Subject: General Tech | January 28, 2016 - 01:38 PM | Ken Addison
Tagged: podcast, video, corsair, carbide, 600q, 600c, gddr5x, jdec, amd, Fiji, fury x, fury x2, scythe, Ninja 4, logitech, g502 spectrum, Intel, Tigerlake, nzxt, Manta
PC Perspective Podcast #384 - 01/28/2016
Join us this week as we discuss the Corsair Carbide 600Q, GDDR5X, a Dual Fiji Graphics card and more!
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Hosts: Ryan Shrout, Jeremy Hellstrom, Josh Walrath, and Allyn Malventano
Program length: 1:11:48
Subject: Processors | January 24, 2016 - 12:19 PM | Sebastian Peak
Tagged: Tigerlake, rumor, report, processor, process node, Intel, Icelake, cpu, Cannonlake, 10 nm
A report from financial website The Motley Fool discusses Intel's plan to introduce three architectures at the 10 nm node, rather than the expected two. This comes after news that Kaby Lake will remain at the present 14 nm, interrupting Intel's 2-year manufacturing tech pace.
(Image credit: wccftech)
"Management has told investors that they are pushing to try to get back to a two-year cadence post-10-nanometer (presumably they mean a two-year transition from 10-nanometer to 7-nanometer), however, from what I have just learned from a source familiar with Intel's plans, the company is working on three, not two, architectures for the 10-nanometer node."
Intel's first 10 nm processor architecture will be known as Cannonlake, with Icelake expected to follow about a year afterward. With Tigerlake expected to be the third architecture build on 10 nm, and not coming until "the second half of 2019", we probably won't see 7 nm from Intel until the second half of 2020 at the earliest.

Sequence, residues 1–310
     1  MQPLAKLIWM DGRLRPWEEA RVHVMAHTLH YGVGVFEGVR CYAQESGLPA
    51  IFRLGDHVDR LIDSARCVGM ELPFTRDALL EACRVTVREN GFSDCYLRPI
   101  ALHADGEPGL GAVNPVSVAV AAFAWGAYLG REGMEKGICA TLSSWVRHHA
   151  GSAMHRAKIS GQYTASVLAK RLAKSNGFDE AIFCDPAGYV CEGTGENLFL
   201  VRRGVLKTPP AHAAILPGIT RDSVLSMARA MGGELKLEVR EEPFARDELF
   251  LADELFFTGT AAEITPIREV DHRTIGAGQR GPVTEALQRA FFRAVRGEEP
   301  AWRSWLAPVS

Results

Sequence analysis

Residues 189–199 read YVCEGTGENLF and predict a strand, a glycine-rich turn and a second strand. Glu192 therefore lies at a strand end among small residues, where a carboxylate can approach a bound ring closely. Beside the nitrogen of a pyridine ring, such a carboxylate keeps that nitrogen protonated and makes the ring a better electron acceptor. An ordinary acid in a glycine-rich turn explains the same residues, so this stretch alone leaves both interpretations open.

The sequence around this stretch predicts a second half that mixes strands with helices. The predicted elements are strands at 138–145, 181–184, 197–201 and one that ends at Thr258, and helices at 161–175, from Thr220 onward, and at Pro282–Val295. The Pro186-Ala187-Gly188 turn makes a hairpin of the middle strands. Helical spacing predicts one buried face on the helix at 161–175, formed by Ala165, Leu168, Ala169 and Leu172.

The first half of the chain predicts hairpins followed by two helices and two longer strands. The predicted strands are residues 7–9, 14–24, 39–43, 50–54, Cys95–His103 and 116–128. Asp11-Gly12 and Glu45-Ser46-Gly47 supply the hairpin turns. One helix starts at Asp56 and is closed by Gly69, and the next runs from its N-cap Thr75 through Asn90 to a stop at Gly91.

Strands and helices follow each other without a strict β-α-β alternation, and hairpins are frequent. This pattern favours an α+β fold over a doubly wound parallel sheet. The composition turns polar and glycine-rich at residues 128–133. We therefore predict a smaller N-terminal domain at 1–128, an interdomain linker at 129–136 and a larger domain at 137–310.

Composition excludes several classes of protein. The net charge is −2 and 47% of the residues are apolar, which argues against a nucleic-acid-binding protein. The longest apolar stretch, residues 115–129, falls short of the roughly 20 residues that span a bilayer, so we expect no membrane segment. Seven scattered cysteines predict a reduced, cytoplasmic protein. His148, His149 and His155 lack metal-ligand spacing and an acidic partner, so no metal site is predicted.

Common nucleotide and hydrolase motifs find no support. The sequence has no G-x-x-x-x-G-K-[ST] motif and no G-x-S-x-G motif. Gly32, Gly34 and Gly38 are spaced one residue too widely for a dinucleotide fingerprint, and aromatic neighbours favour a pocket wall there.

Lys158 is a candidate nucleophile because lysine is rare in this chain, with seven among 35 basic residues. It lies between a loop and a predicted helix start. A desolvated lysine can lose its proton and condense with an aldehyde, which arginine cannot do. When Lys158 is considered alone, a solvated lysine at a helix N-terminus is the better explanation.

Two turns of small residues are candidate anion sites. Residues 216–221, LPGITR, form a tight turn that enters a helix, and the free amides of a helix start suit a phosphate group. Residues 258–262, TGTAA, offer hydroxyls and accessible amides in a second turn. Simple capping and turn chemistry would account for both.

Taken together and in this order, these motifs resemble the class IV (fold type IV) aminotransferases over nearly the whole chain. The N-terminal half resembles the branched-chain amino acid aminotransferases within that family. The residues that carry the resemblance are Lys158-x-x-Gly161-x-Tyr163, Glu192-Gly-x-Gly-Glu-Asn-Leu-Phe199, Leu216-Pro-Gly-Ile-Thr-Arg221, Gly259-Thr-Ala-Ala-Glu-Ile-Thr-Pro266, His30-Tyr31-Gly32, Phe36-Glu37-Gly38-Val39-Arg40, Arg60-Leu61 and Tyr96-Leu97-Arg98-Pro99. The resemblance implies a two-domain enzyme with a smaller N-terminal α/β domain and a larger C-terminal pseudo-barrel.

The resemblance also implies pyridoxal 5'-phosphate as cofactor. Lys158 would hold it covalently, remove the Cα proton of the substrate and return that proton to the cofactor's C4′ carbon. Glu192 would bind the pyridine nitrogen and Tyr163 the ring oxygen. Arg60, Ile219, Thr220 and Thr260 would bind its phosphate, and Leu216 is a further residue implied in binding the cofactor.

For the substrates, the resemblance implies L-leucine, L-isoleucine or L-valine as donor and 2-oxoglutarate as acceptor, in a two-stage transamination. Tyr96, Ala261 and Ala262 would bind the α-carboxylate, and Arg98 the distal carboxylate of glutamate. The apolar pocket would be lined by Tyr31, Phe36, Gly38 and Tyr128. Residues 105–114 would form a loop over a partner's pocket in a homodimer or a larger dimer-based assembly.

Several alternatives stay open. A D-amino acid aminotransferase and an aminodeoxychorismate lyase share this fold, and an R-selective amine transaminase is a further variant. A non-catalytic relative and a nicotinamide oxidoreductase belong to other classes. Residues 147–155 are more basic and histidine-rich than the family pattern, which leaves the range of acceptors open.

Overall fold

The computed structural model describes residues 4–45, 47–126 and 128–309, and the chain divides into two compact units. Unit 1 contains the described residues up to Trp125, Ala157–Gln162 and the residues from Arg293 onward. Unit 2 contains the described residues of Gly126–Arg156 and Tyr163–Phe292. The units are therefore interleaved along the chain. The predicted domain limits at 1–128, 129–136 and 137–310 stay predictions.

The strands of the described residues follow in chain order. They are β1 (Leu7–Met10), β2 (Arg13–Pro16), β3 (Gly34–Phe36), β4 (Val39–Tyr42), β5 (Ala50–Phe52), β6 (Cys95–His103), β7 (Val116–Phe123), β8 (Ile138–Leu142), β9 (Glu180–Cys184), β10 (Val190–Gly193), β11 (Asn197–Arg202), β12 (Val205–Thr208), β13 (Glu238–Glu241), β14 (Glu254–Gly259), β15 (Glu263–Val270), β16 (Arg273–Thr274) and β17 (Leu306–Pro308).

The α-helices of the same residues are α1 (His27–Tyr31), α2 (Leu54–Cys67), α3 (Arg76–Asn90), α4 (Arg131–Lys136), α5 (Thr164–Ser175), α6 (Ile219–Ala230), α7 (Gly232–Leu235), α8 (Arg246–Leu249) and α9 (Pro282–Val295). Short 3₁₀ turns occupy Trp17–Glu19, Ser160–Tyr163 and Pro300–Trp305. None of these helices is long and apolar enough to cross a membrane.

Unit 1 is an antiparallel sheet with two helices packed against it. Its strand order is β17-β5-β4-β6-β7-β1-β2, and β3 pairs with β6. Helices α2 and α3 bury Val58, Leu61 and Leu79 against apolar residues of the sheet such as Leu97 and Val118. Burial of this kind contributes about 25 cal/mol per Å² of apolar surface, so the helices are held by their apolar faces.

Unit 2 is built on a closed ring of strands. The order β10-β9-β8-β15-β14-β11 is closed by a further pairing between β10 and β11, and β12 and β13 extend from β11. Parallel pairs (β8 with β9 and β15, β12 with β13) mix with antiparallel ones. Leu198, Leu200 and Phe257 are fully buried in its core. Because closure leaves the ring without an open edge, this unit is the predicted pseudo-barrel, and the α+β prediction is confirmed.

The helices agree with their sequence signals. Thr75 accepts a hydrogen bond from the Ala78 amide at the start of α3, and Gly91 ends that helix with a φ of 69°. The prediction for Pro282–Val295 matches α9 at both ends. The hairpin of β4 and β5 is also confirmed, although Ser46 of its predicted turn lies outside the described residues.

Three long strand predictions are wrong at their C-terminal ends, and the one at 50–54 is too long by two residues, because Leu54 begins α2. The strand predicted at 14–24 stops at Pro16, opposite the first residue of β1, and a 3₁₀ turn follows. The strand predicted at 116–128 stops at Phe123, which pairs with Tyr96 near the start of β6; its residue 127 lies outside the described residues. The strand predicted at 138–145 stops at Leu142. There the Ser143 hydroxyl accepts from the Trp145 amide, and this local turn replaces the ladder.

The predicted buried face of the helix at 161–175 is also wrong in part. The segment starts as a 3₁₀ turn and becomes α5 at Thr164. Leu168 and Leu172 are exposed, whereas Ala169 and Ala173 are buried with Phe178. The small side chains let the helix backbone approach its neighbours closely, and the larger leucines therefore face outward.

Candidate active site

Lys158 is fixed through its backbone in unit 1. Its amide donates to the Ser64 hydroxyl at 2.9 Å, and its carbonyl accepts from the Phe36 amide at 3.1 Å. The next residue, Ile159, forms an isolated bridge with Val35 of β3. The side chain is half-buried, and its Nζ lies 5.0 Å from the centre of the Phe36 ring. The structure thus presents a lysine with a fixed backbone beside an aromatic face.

It appears that the days of two-year, two product process node changes are numbered for Intel, as the report continues:
"If all goes well for the company, then 7-nanometer could be a two-product node, implying a transition to the 5-nanometer technology node by the second half of 2022. However, the source that I spoke to expressed significant doubts that Intel will be able to return to a two-years-per-technology cycle."
(Image credit: The Motley Fool)
It will be interesting to see how players like TSMC, themselves "planning to start mass production of 7-nanometer in the first half of 2018", will fare moving forward as Intel's process development (apparently) slows.